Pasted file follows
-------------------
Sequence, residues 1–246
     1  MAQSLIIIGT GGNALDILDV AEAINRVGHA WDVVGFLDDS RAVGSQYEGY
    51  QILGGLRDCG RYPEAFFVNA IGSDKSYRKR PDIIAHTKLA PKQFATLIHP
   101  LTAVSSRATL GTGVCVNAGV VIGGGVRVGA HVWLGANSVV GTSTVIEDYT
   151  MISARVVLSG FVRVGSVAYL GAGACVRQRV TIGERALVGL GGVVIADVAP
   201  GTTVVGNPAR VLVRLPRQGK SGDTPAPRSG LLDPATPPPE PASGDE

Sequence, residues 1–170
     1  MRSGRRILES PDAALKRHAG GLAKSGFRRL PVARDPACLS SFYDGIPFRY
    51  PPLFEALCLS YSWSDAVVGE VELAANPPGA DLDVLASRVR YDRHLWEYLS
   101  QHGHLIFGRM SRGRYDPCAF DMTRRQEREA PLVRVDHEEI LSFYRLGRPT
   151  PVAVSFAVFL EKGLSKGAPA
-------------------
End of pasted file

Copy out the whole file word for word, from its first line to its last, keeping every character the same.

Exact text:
Sequence, residues 1–246
     1  MAQSLIIIGT GGNALDILDV AEAINRVGHA WDVVGFLDDS RAVGSQYEGY
    51  QILGGLRDCG RYPEAFFVNA IGSDKSYRKR PDIIAHTKLA PKQFATLIHP
   101  LTAVSSRATL GTGVCVNAGV VIGGGVRVGA HVWLGANSVV GTSTVIEDYT
   151  MISARVVLSG FVRVGSVAYL GAGACVRQRV TIGERALVGL GGVVIADVAP
   201  GTTVVGNPAR VLVRLPRQGK SGDTPAPRSG LLDPATPPPE PASGDE

Sequence, residues 1–170
     1  MRSGRRILES PDAALKRHAG GLAKSGFRRL PVARDPACLS SFYDGIPFRY
    51  PPLFEALCLS YSWSDAVVGE VELAANPPGA DLDVLASRVR YDRHLWEYLS
   101  QHGHLIFGRM SRGRYDPCAF DMTRRQEREA PLVRVDHEEI LSFYRLGRPT
   151  PVAVSFAVFL EKGLSKGAPA